pykrete?

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Postby Navigator7 » Fri Jan 19, 2007 3:21 pm

Very nice BLB! Good job.

What happens when this mixture sets in the sun.

I'm not stupid....Just asking.
;-)

Also...what is your opinion .....if instead of pulp, shredded plastic bags like the kind at the grocery produce department were substituted for pulp?
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Postby Mr.Plow » Fri Jan 19, 2007 3:29 pm

<blockquote id="quote"><font size="1" face="tahoma,verdana,arial" id="quote">quote:<hr height="1" noshade id="quote">
Also...what is your opinion .....if instead of pulp, shredded plastic bags like the kind at the grocery produce department were substituted for pulp?<hr height="1" noshade id="quote"></blockquote id="quote"></font id="quote">
perhaps answered by:

<blockquote id="quote"><font size="1" face="tahoma,verdana,arial" id="quote">quote:<hr height="1" noshade id="quote">I doubt it would make much of a difference using non-porous materials, simply because frozed water does not have the adhesive properties of dried concrete...<hr height="1" noshade id="quote"></blockquote id="quote"></font id="quote">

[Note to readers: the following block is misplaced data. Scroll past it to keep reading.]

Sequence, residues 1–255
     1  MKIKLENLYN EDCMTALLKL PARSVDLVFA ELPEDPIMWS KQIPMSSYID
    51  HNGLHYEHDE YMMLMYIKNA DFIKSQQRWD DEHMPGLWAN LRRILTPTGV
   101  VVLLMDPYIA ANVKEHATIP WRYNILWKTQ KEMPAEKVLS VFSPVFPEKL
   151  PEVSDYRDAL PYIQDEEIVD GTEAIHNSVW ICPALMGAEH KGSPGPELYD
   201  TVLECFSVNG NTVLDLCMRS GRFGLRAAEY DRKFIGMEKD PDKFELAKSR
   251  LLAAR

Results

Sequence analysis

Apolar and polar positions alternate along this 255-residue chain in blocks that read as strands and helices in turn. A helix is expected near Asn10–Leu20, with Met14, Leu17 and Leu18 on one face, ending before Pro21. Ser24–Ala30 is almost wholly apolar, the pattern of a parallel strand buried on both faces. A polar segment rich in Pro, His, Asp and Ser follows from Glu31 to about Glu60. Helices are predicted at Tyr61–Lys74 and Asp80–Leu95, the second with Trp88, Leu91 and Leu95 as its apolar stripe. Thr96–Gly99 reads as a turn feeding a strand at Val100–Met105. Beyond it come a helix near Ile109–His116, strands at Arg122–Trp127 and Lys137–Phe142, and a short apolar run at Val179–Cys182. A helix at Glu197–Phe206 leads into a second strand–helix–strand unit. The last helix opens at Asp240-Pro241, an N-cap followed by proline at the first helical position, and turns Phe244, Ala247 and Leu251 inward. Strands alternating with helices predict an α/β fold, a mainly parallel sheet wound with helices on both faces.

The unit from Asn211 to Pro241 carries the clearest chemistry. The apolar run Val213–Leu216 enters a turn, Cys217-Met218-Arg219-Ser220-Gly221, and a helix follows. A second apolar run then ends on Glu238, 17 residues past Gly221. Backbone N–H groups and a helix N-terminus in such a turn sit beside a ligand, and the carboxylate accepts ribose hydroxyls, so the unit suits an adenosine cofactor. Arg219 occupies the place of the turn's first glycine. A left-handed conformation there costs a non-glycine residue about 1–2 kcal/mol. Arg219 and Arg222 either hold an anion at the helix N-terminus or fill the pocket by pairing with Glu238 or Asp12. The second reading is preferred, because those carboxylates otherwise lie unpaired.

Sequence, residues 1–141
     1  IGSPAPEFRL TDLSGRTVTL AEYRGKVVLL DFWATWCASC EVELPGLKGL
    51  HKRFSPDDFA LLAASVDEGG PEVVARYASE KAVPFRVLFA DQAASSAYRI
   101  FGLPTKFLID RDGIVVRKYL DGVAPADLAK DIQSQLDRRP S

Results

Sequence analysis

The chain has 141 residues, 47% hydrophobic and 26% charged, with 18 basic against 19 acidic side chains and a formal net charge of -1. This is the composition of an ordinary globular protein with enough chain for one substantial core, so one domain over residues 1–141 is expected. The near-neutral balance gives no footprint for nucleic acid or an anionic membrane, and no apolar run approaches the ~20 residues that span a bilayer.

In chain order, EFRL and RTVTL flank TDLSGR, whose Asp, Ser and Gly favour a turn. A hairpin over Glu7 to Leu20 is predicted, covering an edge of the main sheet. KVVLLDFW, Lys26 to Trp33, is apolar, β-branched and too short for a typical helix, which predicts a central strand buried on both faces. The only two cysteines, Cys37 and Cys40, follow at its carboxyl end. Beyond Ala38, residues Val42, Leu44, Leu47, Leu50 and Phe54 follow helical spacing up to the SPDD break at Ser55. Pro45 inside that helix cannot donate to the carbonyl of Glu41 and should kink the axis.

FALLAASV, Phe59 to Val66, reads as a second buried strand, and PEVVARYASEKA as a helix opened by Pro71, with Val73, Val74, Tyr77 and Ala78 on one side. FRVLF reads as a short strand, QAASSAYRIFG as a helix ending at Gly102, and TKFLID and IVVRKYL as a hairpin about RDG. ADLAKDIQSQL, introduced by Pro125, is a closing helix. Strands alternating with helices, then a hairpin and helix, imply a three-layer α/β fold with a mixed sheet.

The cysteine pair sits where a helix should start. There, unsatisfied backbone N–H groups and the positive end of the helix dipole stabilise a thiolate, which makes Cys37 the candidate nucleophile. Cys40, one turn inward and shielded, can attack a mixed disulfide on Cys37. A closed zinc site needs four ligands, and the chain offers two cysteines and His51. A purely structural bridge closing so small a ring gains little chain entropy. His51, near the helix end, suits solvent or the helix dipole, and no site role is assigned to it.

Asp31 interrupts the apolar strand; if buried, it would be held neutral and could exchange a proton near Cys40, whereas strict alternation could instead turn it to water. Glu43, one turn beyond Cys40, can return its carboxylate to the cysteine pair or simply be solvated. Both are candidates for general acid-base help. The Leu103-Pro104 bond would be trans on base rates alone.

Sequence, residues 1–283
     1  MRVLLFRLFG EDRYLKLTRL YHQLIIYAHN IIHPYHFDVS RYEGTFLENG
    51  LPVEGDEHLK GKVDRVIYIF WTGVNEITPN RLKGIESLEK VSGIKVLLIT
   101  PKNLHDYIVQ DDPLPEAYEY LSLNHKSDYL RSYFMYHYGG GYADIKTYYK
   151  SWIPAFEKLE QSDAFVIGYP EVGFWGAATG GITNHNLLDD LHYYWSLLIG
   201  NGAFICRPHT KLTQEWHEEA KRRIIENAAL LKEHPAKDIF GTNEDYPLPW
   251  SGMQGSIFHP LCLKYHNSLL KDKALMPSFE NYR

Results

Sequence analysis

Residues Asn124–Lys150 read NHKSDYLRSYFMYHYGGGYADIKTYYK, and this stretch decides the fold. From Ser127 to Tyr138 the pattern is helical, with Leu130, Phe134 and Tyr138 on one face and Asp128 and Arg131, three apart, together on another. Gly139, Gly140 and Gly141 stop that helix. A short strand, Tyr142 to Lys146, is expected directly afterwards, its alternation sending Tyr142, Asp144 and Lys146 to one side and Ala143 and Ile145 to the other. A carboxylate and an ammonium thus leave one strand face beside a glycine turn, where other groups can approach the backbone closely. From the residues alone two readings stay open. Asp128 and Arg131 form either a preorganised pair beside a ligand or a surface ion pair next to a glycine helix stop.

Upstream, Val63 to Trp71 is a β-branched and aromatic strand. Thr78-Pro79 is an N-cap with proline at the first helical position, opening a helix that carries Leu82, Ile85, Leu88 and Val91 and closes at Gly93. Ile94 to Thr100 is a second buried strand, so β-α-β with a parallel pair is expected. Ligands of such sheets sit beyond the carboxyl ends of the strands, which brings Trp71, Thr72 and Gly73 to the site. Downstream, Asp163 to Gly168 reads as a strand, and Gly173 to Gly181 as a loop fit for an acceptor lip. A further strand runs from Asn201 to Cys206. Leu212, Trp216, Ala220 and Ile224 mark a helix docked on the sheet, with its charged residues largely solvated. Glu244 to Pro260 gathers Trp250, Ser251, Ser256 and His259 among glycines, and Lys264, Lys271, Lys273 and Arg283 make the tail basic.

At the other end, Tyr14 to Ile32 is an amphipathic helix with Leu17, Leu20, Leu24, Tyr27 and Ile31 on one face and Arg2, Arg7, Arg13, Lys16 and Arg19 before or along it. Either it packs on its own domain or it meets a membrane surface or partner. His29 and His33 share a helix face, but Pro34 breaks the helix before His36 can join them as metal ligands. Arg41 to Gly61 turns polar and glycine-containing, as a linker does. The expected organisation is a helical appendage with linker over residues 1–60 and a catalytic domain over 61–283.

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Postby boilingleadbath » Fri Jan 19, 2007 4:42 pm

Nav, the pycrete (well, the ice portion of it) eventualy melts, leaving a lump of very soggy paper pulp which is entirely unsuitable for use as a projectile.
This is a bit slower than the melting of pure ice, but it happens just the same.

(if you where refering to the unfrozen material... well, it gets warmer, and a bit drier. Pretty boring.)

...and I've never tried it, but Mr.Plow's prediction is probably correct - and anyways, HDPE is pretty stretchy, so I wouldn't expect it to add much strength.
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Postby benstern » Fri Jan 19, 2007 5:03 pm

I remember pykrete being mentioned as projectiles for spudguns...
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Postby userjjb » Fri Jan 19, 2007 10:56 pm